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Huge squid bycatch forces fishery to change course
The Associated Press
ANCHORAGE — They're pink, slippery and decidedly not cute, especially if you are a pollock fisherman in the Bering Sea pulling up a slew of unusable squid this summer.
The problem took on alarming proportions in early July when fishermen netted more than 500 tons of squid bycatch in one week, Josh Keaton, a resource management specialist with the National Oceanic and Atmospheric Association, said Friday.
The amount of squid was about four times what might be expected.
"We confirmed that the numbers were real and they really did catch that amount of squid. We then tried to find out where the squid were caught," Keaton said.
While high rates of squid bycatch had occurred before, this time it set off alarm bells because the squid were caught near the start of the mid-June-through-September pollock season.
"I just about had a heart attack. That is a lot of squid," said Karl Haflinger, president of Sea State Inc. of Seattle, which helps the industry manage bycatch, the unwanted and often wasted fish caught along with the targeted fish.
Fishermen in the Bering Sea are allowed a certain amount of squid bycatch each year. For 2006, the recommended amount was not to exceed 1,976 tons. As of July 15, the amount of bycatch was 1,403 tons. At 2,620 tons, the National Marine Fisheries Service would be looking at restricting the fishery.
"We don't want to get there," said Haflinger, who has helped craft an agreement with the pollock fleet to tackle the problem. "So we will keep out of the squid area for over the next month, probably."
The Bering Sea pollock fishery is the largest in the world with a total allowable catch of 1.5 million tons this year. The bland, white fish is what goes into a variety of popular products, including fast-food fish sandwiches, fish sticks and fake crabmeat.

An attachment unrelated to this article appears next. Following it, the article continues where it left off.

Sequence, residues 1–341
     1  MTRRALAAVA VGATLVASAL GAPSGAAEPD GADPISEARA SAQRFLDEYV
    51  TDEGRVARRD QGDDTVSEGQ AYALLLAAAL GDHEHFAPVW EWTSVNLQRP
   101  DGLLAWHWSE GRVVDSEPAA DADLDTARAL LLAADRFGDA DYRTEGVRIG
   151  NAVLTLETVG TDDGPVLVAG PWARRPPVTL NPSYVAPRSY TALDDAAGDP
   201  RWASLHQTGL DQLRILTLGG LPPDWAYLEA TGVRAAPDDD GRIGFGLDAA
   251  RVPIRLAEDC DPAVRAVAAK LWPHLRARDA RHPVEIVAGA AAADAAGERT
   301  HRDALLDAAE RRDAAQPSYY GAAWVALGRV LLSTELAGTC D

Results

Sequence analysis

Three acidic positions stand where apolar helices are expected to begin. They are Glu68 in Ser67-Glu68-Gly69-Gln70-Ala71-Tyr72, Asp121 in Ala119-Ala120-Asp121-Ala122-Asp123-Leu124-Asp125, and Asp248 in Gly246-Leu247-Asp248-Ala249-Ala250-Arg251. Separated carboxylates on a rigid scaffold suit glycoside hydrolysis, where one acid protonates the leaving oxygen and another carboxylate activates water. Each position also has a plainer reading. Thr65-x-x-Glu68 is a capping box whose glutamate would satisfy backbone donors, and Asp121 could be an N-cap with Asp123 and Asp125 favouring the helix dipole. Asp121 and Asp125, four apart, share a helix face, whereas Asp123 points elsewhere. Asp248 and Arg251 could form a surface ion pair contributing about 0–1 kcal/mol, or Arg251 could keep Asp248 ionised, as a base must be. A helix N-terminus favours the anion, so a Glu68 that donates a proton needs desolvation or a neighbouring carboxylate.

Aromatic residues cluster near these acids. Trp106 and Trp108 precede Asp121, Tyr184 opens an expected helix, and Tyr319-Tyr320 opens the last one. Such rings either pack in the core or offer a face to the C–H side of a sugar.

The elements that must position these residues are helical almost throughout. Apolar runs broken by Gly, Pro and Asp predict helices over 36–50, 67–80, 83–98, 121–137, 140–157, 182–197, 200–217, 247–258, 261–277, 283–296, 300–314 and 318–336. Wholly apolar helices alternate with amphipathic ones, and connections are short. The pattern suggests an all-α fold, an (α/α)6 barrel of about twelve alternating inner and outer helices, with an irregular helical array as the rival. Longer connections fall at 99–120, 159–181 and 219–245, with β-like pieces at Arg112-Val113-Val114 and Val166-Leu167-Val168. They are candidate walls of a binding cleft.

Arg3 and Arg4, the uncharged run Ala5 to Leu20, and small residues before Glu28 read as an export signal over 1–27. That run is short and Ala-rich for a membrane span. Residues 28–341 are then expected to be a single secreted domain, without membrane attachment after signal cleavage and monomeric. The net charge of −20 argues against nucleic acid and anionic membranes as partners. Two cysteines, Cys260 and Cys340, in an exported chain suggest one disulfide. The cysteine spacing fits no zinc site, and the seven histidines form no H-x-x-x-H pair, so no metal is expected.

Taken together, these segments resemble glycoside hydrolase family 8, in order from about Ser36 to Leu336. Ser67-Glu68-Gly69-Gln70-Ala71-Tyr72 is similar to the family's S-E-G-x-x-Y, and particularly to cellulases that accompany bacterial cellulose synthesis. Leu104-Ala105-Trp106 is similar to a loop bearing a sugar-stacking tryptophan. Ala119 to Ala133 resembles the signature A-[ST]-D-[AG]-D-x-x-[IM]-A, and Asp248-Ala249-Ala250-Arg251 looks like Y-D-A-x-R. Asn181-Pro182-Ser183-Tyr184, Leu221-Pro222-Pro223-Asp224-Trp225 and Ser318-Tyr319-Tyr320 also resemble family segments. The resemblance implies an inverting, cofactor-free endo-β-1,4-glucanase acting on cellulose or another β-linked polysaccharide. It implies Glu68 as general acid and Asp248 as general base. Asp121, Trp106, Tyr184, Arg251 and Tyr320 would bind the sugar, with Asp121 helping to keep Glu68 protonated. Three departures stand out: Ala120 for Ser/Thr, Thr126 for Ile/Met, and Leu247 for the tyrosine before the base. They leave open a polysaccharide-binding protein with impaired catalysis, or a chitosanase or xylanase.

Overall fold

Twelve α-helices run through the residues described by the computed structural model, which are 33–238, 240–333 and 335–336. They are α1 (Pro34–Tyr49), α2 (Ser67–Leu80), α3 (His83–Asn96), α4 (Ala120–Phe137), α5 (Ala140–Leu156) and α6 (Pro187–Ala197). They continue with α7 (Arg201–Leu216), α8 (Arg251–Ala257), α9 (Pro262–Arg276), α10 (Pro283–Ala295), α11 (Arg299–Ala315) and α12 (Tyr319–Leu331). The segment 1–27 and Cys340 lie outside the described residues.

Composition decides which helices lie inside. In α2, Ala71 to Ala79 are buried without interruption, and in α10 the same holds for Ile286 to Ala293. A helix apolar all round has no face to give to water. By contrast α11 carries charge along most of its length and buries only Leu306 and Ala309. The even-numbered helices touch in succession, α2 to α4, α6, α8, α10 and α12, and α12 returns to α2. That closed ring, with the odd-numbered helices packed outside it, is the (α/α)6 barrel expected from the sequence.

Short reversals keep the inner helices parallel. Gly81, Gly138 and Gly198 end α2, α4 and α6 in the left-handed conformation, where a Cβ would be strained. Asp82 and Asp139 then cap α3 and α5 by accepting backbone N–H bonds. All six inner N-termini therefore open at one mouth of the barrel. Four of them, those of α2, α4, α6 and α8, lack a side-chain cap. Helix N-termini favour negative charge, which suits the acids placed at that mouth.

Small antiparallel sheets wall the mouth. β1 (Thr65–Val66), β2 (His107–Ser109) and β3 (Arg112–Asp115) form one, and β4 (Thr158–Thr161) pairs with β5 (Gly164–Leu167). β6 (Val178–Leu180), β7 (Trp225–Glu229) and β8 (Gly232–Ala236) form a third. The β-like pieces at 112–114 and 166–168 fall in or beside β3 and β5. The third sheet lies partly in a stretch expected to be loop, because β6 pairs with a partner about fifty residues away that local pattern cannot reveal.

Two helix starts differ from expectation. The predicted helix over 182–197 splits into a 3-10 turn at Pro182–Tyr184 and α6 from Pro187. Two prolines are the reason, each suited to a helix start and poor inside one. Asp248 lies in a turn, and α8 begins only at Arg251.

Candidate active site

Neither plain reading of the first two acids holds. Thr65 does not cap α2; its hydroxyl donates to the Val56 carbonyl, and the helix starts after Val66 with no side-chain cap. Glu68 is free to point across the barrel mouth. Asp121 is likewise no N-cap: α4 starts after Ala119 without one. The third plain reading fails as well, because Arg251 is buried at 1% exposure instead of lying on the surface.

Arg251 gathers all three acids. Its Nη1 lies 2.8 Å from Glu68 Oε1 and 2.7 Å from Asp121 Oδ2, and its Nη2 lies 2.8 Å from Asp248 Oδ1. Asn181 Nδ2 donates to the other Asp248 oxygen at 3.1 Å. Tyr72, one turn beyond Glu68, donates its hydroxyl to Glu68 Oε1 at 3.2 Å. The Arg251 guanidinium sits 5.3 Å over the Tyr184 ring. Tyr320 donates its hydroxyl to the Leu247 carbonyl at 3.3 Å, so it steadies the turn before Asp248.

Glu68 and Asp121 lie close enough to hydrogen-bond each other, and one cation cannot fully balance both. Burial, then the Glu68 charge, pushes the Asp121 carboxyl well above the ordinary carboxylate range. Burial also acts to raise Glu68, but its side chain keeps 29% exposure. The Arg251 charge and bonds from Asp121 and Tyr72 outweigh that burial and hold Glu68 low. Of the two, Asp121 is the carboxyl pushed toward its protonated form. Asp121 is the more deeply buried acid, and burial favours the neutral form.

John Gruver, with the trade organization United Catcher Boats, worked on the formal bycatch agreement with Haflinger. The agreement was presented Friday to the pollock cooperatives for review.
The small area in the southeastern Bering Sea tends to be very good for pollock, especially in the summer and fall, said Gruver, who fished the Bering Sea for nearly 20 years. It's not known exactly why so many squid are showing up in the area this summer.
Gruver said a letter was sent to the pollock fishing fleet about a week ago telling them to stay out of the Unmak Pass area.
"This is a sacrifice for the fleet," Gruver said.
Between 85 and 90 catcher boats — those that have to return to shore to drop off their fish for processing — could be fishing for pollock at any one time in the Bering Sea, he said. Most of the boats are out of Seattle, with some also coming from Oregon and California. Alaska has boats coming from Kodiak and other places.
Now, fishermen are having to travel hundreds of miles to find good fishing, Haflinger said, which is a hardship on the catcher boats that have only two or three days to get their fish to shore for processing.
"In order to stay out of the squid, they are running anywhere from 200 to 400 miles. They run that distance and fill up their boats and turn around and run back," he said.
The watery, gooey squid also are plugging up the trawlers' huge pollock nets, which typically measure 300 to 400 feet wide and 100 feet high, creating more drag and likely adding to fuel costs, said Rance Morrison, a fisheries biologist with NOAA in Dutch Harbor.
Some of the pollock fleet has moved 500 miles north to fish near the Russia-U.S. border.
"They are going to spend a great deal of time running back and forth to the fishing grounds," he said.
Even so, the strategy appears to be working. Squid bycatch plummeted from almost 550 tons in the first week of July to only about 4 tons so far this week, with the reporting period ending Saturday.
"I believe we have a handle on it," Gruver said.
Copyright © 2006 The Seattle Times Company